• Title: NYPD: A City and Its Police
  • Author: Thomas Reppetto, James Lardner
  • Released: 2000-08-23
  • Language: English
  • Pages: 384
  • ISBN: 0805055789
  • ISBN13: 978-0805055788
  • ASIN: 0805055789
From Publishers Weekly A comprehensive and elegant history of the New York Police Department, this book, written by a journalist (Lardner) and a former cop (Reppetto), charts the department's development, from its origins as a collection of unorganized watchmen in the 1820s to its recent past. In crisp, anecdote-rich prose, Lardner (a New Yorker contributor) and Reppetto (now president of New York's Citizens Crime Commission) take readers on a chronological tourDthrough the years when the department reluctantly adopted firearms and uniforms and when police applicants depended on patronage, through wave after wave of anti-corruption ferment, and through years of controversy. Drawing on sources ranging from the memoir of George Washington Walling, a 19th-century officer who saw action during most of the era's flashpoints (including the 1849 Opera House Riot and the 1863 Draft Riots), to newspaper accounts and legislative committee reports, Lardner and Reppetto assess the potential for good and bad in the city and on its police force. Along the way, they recount colorful stories about early gangs like the Dead Rabbits and Five Pointers; they examine the conflict between the Metropolitan Police and the Municipals, an early rogue offshoot; and they address the department's pendulum-like swings between corruption and reform (which, they note, gets activated every 20 years by a major scandal). They also depict the Giuliani administration's 1990s' "Rediscovery of Crime" and recent controversies like the deaths of Amadou Diallo and Patrick Dorismond, both unarmed black men gunned to death by police officers. Arguing that the cop's lot has barely changed since the 1800s, the two authors assessDin a fair-minded wayDthe enduring relationship between a police force and their city. Their account is at once entertaining, historical and engaged with hard questions about the nature and politics of police workDa true accomplishment. 30 b&w illus. Author tour. (Aug.)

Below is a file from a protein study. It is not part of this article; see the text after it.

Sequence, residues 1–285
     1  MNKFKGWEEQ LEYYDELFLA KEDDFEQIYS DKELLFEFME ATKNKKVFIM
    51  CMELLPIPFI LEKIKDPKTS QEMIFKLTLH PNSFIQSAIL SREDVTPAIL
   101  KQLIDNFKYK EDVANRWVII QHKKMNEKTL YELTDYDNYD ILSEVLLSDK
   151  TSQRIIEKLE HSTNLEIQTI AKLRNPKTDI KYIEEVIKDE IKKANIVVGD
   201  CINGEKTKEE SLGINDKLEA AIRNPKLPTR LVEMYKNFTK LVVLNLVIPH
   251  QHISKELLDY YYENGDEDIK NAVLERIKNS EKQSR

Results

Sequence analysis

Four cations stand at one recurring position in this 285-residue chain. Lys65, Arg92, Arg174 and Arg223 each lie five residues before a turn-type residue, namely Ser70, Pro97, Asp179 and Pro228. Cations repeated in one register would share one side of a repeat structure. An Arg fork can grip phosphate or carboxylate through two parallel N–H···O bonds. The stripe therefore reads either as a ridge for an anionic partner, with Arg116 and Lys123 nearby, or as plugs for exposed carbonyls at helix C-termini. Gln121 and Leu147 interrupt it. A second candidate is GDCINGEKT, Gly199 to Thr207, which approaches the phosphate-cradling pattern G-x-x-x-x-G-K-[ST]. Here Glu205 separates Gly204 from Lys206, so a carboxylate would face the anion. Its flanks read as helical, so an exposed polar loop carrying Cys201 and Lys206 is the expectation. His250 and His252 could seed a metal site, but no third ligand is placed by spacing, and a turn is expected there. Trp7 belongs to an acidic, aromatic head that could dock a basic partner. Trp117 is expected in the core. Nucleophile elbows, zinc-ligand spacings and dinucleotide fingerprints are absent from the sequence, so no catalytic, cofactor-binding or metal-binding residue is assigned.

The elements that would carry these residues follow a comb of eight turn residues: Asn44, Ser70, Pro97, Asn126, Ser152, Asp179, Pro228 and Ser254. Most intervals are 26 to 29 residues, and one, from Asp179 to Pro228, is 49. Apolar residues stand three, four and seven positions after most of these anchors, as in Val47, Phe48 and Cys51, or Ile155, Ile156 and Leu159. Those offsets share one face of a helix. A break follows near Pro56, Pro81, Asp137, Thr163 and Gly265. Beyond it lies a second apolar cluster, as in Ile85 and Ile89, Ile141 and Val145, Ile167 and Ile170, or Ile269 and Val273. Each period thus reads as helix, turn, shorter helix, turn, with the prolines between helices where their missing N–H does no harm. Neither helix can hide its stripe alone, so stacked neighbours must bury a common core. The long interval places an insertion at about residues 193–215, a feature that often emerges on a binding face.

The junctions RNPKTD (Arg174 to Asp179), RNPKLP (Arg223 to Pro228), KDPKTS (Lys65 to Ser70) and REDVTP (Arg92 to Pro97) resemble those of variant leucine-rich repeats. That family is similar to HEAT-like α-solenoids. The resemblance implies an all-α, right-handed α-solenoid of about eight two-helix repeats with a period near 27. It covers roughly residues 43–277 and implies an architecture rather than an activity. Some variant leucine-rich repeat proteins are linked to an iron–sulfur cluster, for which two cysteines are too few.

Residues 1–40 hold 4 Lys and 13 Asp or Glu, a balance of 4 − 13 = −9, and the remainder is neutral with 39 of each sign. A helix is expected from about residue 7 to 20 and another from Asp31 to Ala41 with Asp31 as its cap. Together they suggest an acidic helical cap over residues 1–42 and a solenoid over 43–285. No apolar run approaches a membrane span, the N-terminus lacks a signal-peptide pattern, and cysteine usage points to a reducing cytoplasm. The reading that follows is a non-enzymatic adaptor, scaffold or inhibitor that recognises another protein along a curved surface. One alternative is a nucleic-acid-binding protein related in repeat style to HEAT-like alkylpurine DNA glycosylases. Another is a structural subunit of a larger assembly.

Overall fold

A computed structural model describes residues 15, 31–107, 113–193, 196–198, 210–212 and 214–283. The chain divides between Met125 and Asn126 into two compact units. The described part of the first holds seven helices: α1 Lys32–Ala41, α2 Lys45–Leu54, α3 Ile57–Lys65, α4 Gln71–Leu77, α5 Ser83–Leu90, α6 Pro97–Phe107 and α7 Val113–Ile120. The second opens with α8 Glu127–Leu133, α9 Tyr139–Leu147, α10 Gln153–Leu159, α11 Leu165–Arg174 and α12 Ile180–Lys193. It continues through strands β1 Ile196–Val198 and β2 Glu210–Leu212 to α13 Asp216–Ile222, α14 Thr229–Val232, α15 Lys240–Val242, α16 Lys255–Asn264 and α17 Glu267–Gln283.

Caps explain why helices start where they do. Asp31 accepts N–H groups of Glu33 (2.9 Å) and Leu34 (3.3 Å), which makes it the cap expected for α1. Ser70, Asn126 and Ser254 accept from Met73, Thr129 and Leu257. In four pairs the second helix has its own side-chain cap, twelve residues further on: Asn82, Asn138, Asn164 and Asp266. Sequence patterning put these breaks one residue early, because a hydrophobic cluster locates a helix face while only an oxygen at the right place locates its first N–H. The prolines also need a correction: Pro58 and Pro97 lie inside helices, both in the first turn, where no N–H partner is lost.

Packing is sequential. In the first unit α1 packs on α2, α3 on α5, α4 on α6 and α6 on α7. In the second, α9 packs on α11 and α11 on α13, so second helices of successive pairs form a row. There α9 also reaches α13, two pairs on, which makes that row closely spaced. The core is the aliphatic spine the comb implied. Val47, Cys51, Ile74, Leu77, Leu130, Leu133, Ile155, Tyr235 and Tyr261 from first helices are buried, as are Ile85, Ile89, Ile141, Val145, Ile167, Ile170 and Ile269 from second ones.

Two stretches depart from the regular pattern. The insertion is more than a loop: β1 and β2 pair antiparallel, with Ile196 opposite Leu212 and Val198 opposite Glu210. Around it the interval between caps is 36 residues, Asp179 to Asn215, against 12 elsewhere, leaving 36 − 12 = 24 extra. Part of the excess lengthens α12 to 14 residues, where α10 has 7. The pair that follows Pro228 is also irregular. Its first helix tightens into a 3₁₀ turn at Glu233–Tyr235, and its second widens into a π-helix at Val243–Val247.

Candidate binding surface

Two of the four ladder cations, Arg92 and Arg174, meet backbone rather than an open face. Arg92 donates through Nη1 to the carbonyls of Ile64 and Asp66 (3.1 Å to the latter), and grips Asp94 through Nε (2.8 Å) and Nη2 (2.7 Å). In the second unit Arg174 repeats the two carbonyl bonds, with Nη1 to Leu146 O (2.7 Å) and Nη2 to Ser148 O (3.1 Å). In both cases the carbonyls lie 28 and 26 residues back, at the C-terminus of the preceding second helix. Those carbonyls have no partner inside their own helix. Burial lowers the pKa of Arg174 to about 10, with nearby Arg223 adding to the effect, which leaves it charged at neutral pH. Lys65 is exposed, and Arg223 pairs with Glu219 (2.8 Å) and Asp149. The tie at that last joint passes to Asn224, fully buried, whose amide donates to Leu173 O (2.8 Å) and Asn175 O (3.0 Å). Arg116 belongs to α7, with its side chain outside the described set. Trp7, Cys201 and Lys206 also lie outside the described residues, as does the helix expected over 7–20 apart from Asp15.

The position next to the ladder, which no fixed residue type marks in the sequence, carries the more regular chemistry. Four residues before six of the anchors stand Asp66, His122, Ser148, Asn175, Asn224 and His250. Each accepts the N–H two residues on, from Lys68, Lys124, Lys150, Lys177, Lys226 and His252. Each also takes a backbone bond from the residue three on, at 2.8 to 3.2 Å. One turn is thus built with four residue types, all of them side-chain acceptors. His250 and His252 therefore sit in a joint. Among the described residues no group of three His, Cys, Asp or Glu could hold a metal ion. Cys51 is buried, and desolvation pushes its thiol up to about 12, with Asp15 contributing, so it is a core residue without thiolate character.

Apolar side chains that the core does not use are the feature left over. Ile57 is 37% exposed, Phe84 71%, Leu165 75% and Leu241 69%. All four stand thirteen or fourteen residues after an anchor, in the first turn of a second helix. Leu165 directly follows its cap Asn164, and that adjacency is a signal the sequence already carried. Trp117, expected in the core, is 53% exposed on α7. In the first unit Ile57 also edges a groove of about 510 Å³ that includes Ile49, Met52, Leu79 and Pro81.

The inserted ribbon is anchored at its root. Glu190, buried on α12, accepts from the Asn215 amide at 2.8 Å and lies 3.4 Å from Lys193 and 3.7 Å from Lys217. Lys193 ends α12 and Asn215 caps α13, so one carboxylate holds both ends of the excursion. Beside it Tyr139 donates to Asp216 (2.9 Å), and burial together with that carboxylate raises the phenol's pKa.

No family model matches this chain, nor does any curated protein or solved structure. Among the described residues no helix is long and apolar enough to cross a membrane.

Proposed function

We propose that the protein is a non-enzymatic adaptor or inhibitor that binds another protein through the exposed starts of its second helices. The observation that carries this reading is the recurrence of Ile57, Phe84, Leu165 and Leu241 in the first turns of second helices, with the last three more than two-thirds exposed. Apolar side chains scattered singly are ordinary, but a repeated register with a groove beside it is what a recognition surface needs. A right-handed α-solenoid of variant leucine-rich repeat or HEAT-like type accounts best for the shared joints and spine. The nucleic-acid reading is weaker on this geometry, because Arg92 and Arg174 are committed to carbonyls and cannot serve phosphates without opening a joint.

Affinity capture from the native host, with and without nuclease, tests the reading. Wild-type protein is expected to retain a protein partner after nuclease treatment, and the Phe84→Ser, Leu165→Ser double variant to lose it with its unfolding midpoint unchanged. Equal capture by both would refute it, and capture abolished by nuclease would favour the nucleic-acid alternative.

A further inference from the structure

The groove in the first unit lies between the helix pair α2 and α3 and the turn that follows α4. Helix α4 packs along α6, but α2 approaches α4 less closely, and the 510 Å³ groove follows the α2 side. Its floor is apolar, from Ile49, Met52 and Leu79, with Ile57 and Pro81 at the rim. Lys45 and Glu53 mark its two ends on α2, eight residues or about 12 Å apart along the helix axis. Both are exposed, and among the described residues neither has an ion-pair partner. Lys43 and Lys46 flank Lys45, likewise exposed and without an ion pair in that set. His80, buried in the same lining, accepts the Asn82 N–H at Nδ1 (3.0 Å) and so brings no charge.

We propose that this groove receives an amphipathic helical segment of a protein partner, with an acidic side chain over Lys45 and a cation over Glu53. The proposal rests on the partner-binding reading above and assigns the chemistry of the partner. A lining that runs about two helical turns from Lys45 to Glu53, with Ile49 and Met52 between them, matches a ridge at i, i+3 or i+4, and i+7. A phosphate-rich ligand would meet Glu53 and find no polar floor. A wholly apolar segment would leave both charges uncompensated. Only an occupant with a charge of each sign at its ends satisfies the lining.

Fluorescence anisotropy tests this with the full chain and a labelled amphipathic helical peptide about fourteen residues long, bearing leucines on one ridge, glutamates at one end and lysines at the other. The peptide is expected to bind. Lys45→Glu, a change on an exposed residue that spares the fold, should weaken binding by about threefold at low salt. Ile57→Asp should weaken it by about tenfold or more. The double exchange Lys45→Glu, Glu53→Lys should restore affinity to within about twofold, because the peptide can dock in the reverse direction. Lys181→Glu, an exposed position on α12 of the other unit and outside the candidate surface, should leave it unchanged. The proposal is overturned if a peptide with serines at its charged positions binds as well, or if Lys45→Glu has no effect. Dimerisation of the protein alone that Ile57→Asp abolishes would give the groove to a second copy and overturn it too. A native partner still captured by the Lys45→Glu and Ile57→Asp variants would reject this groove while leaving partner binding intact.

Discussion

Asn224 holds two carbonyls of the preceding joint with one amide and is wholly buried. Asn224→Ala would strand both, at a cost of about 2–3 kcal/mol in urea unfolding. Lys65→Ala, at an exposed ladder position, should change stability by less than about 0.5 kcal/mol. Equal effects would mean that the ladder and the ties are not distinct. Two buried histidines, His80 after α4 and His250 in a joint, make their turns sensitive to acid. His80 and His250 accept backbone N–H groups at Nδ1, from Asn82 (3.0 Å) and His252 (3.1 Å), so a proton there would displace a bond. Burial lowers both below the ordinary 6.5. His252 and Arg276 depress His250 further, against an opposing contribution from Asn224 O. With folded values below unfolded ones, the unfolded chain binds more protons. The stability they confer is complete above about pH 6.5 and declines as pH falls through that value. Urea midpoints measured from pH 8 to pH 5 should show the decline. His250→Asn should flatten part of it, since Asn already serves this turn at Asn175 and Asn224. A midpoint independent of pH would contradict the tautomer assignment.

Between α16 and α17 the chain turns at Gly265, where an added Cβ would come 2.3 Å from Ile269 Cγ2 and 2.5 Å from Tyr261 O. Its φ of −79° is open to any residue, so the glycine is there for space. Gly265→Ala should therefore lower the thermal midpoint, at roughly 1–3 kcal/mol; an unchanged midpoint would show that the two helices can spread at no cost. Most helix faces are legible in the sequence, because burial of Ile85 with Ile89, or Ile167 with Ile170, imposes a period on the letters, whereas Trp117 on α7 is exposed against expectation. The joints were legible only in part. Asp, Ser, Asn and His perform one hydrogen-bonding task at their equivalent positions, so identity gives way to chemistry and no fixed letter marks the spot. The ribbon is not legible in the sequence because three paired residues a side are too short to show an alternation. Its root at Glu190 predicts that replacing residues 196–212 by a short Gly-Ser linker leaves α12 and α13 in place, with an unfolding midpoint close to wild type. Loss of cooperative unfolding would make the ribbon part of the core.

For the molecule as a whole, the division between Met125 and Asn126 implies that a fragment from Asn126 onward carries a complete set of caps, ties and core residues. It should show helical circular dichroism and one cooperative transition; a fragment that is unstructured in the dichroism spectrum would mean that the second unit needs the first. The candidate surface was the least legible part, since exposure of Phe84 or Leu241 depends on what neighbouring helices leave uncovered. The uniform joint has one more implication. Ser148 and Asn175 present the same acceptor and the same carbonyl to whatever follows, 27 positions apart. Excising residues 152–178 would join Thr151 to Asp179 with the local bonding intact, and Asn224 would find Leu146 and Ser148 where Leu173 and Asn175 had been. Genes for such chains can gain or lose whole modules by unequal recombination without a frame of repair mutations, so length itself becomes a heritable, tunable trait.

Copyright 2000 Reed Business Information, Inc.

From Library Journal Given the seemingly endless number of books about the NYPD, police brutality, and corruption, one might think it difficult to find a refreshingly new and in-depth approach to the nation's oldest police force. But this history accomplishes such a feat. Lardner, who has written on the NYPD for The New York Times Magazine, and Repetto, president of New York's Citizens Crime Commission, examine the long history of New York's police from the 1820s, before the city organized them into a formal department, until the near present. In 1820, there were no housing projects, violent gangs, gun-toting drug dealers, or media scrutiny. As time passed, the department mirrored the waves of immigrants that moved to the city, beginning with the Irish in the 1840s, the Italians and Jews in the 1890s, African Americans from the Southern states after World War I, and, most recently, the Puerto Ricans. People who criticize some of the NYPD's controversial actions today might be equally shocked by past actions, which included the common practice of accepting graft, brutality against criminals (with media support), bribery, riots, and competing city police forces, manipulated by politicians. Both entertaining and insightful, this excellent book is highly recommended for all libraries.
Tim Delaney, Canisius Coll., Buffalo
Copyright 2000 Reed Business Information, Inc.

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